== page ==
James Hillis

Black Day in July:The Banning of Gordon Lightfoot

In Uncategorized on July 24, 2014 at 7:18 am

Since the dawn of the 20th Century music has become a symbol of protest and has in some cases gotten an artist or two a banishment from the airwaves due to the sensitive nature of a song or their political views.  Garth brooks was once banned from Country Music TV because of his song “The Thunder Rolls”,Back in 1967, the Beatles were banned from British radio not once, but twice! Both “Lucy in the Sky With Diamonds” and “A Day in the Life” from their  ‘Sgt. Pepper’s’ album were forbidden airplay, as they were thought to encourage drug use. Both Billie Holiday and Cole Porter were banned by ABC Radio Stations during the early 50’s, Tom Petty, the Sex Pistols and Frankie goes to Hollywood are just some artists that have had some form of Censorship against them.

But Gordon Lightfoot? What could he have possible done to have been banned from radio?. On April 4th 1968 his song”Black Day in July” was banned from airplay by most major radio stations in the United States. The song itself is about the race riots in Detroit in 1967 and was deemed as too controversial for public consumption.


At the above link you can find out what Gordon thought about it, but as for the song itself it portrayed the riots in a way that allowed the regular listener to understand. The result was 43 dead, 467 injured, over 7,200 arrests, and more than 2,000 buildings destroyed and Lightfoot made sure that the record made those facts clear,                                                                                                                    “Inthe office of the President
The deed is done the troops are sent
There’s really not much choice you see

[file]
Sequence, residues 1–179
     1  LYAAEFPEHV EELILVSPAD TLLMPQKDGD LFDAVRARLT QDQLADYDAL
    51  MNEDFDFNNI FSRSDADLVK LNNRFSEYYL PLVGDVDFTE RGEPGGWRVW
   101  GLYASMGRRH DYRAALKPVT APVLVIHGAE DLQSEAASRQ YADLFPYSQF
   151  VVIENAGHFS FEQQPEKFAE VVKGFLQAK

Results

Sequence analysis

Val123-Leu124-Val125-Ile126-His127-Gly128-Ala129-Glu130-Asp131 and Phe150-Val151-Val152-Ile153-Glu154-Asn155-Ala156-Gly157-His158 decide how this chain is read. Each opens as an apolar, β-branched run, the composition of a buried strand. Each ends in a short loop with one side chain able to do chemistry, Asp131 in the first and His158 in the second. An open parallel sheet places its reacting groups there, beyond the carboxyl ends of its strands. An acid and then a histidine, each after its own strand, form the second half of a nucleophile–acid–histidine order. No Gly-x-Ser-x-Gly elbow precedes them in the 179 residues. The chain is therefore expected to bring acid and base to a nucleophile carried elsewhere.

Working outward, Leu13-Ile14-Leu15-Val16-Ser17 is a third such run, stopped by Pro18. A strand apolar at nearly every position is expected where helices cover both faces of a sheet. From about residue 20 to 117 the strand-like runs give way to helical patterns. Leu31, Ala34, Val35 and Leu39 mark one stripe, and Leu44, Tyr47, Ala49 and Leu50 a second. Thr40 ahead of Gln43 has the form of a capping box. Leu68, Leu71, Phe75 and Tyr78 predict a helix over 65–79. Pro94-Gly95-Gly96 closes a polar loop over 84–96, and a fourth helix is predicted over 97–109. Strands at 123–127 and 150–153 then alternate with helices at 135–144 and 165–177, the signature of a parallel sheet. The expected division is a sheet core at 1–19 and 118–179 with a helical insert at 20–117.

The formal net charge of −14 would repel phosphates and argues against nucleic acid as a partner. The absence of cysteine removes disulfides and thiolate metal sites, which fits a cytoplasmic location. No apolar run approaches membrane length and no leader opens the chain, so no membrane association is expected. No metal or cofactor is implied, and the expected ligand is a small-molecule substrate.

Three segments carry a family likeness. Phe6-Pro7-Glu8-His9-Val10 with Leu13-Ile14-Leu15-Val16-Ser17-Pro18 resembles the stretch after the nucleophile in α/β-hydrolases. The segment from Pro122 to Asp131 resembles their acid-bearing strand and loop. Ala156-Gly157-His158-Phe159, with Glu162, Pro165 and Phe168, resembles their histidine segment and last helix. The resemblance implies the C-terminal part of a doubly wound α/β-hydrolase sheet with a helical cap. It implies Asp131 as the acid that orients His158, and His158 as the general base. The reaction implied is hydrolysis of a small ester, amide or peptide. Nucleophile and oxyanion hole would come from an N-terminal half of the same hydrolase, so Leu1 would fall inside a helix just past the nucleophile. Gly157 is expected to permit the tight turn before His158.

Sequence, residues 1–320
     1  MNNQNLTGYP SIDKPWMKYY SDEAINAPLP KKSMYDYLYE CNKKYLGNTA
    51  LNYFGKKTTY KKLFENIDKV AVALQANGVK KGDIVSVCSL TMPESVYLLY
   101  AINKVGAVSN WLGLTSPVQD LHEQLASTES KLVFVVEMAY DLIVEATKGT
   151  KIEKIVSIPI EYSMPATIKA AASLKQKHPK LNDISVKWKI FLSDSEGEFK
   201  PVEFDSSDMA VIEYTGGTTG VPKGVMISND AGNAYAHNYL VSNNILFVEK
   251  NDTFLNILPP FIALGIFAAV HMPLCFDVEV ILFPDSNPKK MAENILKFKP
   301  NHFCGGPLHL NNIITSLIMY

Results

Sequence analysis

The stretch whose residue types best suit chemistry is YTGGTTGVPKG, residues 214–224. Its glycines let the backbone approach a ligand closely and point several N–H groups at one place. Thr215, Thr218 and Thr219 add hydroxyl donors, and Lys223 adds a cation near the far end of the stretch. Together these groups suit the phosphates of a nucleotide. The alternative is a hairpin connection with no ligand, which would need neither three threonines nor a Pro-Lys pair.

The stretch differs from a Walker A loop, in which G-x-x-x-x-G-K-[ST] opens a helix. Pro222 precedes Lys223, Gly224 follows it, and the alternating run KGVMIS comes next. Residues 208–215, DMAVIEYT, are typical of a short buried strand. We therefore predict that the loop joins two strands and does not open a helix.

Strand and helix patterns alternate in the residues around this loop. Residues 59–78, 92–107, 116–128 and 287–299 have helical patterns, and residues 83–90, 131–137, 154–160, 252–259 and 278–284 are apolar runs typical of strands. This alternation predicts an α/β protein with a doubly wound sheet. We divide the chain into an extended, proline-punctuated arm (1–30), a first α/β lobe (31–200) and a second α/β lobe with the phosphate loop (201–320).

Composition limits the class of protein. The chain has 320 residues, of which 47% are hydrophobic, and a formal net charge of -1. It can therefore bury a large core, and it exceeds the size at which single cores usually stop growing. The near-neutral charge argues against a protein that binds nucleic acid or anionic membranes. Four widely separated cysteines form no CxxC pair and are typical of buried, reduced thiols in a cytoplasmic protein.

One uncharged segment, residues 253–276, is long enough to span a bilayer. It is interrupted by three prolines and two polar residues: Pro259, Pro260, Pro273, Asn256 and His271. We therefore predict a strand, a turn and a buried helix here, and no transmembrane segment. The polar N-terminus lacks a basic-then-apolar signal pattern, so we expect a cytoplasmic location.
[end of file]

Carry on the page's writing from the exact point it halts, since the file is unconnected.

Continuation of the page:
It looks to us like anarchy
And then the tanks go rolling in
To patch things up as best they can
There is no time to hesitate
The speech is made the dues can wait

Black day in July
Black day in July
The streets of Motor City now are quiet and serene
But the shapes of gutted buildings
Strike terror to the heart
And you say how did it happen
And you say how did it start
Why can’t we all be brothers
Why can’t we live in peace
But the hands of the have-nots
Keep falling out of reach”

Tough lyrics and but realistic and as such was the reason for his banning from the airwaves, in 1973 David Bowie would release a song called “Panic in Detroit” but by then the aftermath of the riots had been studied and talked about by scholars everywhere and Bowie’s song did not touch a nerve like Canada’s own Gordon Lightfoot.

  1. […] song writers do.  He wrote the song “Black Day In July”  Predictably, a number of radio stations banned it. Ah, the […]

  2. […] Another series of race riots occurred in the summer of 1967, again arising out of frustrations from a de facto system of prejudice. Newark (NJ), Detroit (MI), and Asbury Park (NJ) were among places that erupted in Watts-type riots. In Detroit, “The result was 43 dead, 467 injured, over 7,200 arrests, and more than 2,000 buildings destroyed….” In Newark, 20 died, and there was more than $10 million in property damage. (Farber, George Lipsiz, “Youth Culture and Social Crises”, p. 220; https://cooperstreetrelic.wordpress.com/2014/07/24/black-day-in-julythe-banning-of-gordon-lightfoot/) […]

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